Chicago Cubs: A year without Ernie Banks


On this day a year ago, the Chicago Cubs and the game of baseball lost one of their greats in Ernie Banks. A year later, fans still remember “Mr. Cub” and his famous “let’s play two”.

There aren’t many that embodied what it meant to play for the Chicago Cubs more than the late Ernie Banks. Things have changed a lot since Banks’ playing day, but he really was a fan of the game, excited to have the opportunity to go out and play the game every day. His famous “let’s play two” wasn’t for show, but was from the heart. The man wanted to play as much baseball as he possibly could while he had the chance.

Unfortunately, the embodiment of playing for the Cubs during that era also meant being part of the lovable losers that the Cubs had become. A 14-time All-Star, Banks never participated in a postseason game. Being in the playoffs meant more in those days. No Wild Card teams. Just two divisions. Banks desperately wanted that chance, but he would never get it.

Banks played on only six teams that posted winning records but still managed to win back-to-back MVP Awards after playing for dismal Cubs teams in both seasons. Before PED’s, corked bats, tighter wound baseballs and whatever other reason you can find for the ball to leave the park–Banks used his tall thin frame to create one of the smoothest swings in the game.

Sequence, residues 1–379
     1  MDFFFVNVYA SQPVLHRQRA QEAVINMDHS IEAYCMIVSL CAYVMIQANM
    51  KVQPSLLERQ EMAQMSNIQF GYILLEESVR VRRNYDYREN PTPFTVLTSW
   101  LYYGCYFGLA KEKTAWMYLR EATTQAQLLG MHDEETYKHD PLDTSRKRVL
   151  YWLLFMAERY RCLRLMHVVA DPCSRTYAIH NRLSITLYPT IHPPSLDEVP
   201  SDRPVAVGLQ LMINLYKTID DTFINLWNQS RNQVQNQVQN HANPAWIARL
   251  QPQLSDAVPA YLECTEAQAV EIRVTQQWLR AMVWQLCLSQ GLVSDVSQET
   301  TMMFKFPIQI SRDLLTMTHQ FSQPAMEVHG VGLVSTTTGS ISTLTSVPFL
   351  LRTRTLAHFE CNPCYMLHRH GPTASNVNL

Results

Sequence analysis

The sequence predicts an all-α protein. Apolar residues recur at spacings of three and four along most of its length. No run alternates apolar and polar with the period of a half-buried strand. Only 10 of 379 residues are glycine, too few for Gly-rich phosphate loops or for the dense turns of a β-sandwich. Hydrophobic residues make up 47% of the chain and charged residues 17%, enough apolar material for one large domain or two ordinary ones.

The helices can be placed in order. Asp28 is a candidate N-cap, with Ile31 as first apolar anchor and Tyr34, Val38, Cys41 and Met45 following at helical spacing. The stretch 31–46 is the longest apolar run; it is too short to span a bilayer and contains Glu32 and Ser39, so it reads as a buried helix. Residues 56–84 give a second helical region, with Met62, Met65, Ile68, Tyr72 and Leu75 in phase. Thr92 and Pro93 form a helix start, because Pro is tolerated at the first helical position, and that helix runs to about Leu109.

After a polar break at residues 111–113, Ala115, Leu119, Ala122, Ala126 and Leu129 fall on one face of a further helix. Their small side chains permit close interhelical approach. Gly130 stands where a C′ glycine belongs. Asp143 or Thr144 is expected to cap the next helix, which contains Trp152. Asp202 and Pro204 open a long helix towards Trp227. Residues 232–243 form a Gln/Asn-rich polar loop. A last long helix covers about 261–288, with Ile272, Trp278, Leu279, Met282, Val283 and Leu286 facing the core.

From 1955 to 1960, Banks led the majors in home runs with 240 home runs, including three straight years of 40+ from ’58 to ’60. In that span he won his two MVP’s, beating out names like Hank Aaron and Willie Mays and out-homered each of those two in that five-year span.

But it wasn’t just his achievements on the field that made Cubs’ fans love Ernie. He truly was Mr. Cub. He would stop and talk baseball with any fan who would give him the time. Even after so many losing seasons, he never demanded a trade or bad mouthed his team. Banks was as solid a character that as you could find in the game.

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His No. 14 was the first to be retired by the Cubs and hangs from the left field foul pole. There have been many great ballplayers to wear the blue pinstripes of the Cubs. Not many have had their number retired, but Banks by far deserved to be the first.